Pink House. 130 North Street. Back In The Day.

Fellow residents from the 1991-94 years were Clint Curtis, Shyam Patel, Raj Krishnasami, Lydia Craft, Jess Deltac, Kyle York Spencer, Caroline Rivers Hall, Mel Lanham, Michelle Sinnott, Jay Murray, N'Gai Wright, Scott Bullock (who crashed on the couch for a year before finally moving in), Bryan Ellerson, Karen Hurka, Sally Stryker, Ryan Mathias, Charlie Speight, Chris Palmatier, Trent McDevitt, and Steve William.



Besides holdovers and returnees Jay, Scott, Mel (& Laverne!), Chris, and N'Gai, residents during 1995-97 included Allen Sellars (who, like Jay, lived at both the Pink House and 401 Pritchard), Ian Williams, Zak Bisacky, James Dasher, Linden Elstran, Jiffer Bourguignon, Grant Tennille (who first made the scene as a fixture in N'Gai's room circa summer '93), Zia Zareem, Ben Folds, Tom Holden, and Chris "Chip" Chapman.

- Erik Ose

Friday, November 20, 1992

Spike Lee's X was a necessary slap on the face for society

"Moviegoers give Spike Lee's epic film 'Malcolm X' two thumbs up," Daily Tar Heel, 11/20/92

By Leah A. Campbell
Staff Writer

Reaction to Spike Lee's epic film, "Malcolm X," was favorable from moviegoers who attended the film's premiere showing in Chapel Hill Wednesday. The movie opened in Chapel Hill at the Plaza Theater on Elliot Road. After seeing the film, Erik Ose, a senior from Providence, R.I., said it was important for everyone to see it. "You can't call yourself an American unless you make the effort to see this movie," he said. Caroline Philson, a senior from Charlotte, said she thought the movie earned an overwhelmingly positive message. "I really thought the movie was beyond words," she said. "It was a necessary slap on the face for society. I just think it is ridiculous that we still have a problem with racism in this day and age."

Carrboro resident Lisa Yonkers said she was pleased with the film. "I thought it was great," Yonkers said. "It really gave a good strong message about the need for brotherhood." Some viewers said they saw the film to compare it to the book. Regina Madison, a first-year UNC law student, said she had wanted to see the film ever since she had read the book. "I have already read the book, and now I want to see Lee's version of the story," she said, while waiting in line to see the film. Madison added that she thought Lee's request for people to skip work and school to see the movie on its opening day was inappropriate. "I think that was very unrealistic," she said. "He should have never asked people to take off from work in this economy."

Ante Gray, a Chapel Hill resident, said he was interested in seeing how Spike Lee would handle the assassination scene. "I'm very curious to find out who Lee is going to say killed Malcolm X," Gray said.

It was not clear whether either the 3:15 p.m. or 7:30 p.m. shows were sold out because the owner of the movie theater, Eastern Federal Corp., would not allow any of the theater's employees to comment. A spokeswoman for the company said the corporation wanted to keep a low profile while the film ran. "We in the film industry have come to the conclusion that the press has the tendency to blow things out of proportion," she said. "This film does not deserve any more press than any other film. This is a simple case of looking for trouble and finding it there."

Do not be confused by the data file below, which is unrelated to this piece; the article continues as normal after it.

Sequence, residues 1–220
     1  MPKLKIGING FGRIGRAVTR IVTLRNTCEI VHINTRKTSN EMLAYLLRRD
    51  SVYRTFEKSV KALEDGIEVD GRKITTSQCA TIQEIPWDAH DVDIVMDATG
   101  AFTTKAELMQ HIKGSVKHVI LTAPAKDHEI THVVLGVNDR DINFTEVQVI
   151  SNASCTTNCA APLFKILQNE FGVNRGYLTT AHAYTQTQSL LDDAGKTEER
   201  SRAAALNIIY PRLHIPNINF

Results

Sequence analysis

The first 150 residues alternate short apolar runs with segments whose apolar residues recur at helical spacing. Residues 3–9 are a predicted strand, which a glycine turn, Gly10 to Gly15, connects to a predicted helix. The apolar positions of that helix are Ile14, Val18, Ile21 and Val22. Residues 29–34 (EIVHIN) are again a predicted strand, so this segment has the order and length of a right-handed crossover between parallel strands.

Wednesday, November 18, 1992

Malcolm X debuts at the Plaza Theatre

What's up. It's Tuesday the 17th, and I'm sitting at home chillin'.

Tomorrow Malcolm X does the debut thing and I'm zeroing in on a 3:15 pm showing with Caroline Philson for a paltry matinee-bargain $3.50 at the plush Plaza Theatre in scenic outskirts Chapel Hill.

N'Gai says he's going to wait until Thanksgiving to see it with Erica.

...

It's now Friday, the 20th of November, and your letter isn't done yet.

...

Wednesday, I drove Pedigo back to Winston Salem, where we met up with his mother and brother. Then I busted ass to get to Chapel Hill in time to go see Malcolm X with C-line.

X was great, I think this is obviously Spike's opus, and he remained true to the story. I do think he could have made sure Malcolm was shown giving more excerpts from some of his last speeches, really hammering home the timelessness and inspiring nature of his words as he was progressing to more and more radical, non-racist, economic and political analyses of the plight of black people in this country. I hope people get a sense of that from the movie even as it stands, because that seems to me to be its only flaw.

- Letter to Dana, 11/20/92

Tuesday, November 17, 1992

Dada Veda's last show, Cat's Cradle

At 8 pm tonight I'm driving to Greensboro, pressed into service as a lackey once again. Sound familiar? This evening, my charge will be that globe trotting wunderkind who used his Russian scholarship money to take Paris by drunken storm...Chris Pedigo.


Chris in Paris, Spring 1992

He called me from Paris yesterday and said he was coming home because he'd gotten very ill. Three weeks in an American hospital with some awful sickness that begins with a "g," like goiter, or gehring's, or something. Actually, it was something more like "garria." I was told people usually contract this when drinking from feces-contaminated streams.

You get awful diarrhea for a long time, which comes out many strange colors. It's also known as the "rainbow shits."

Pedigo said he'd had an IV hooked up to his jugular and lost a total of fifteen kilos. Since he only weighed 125 lbs to begin with, it didn't sound fun.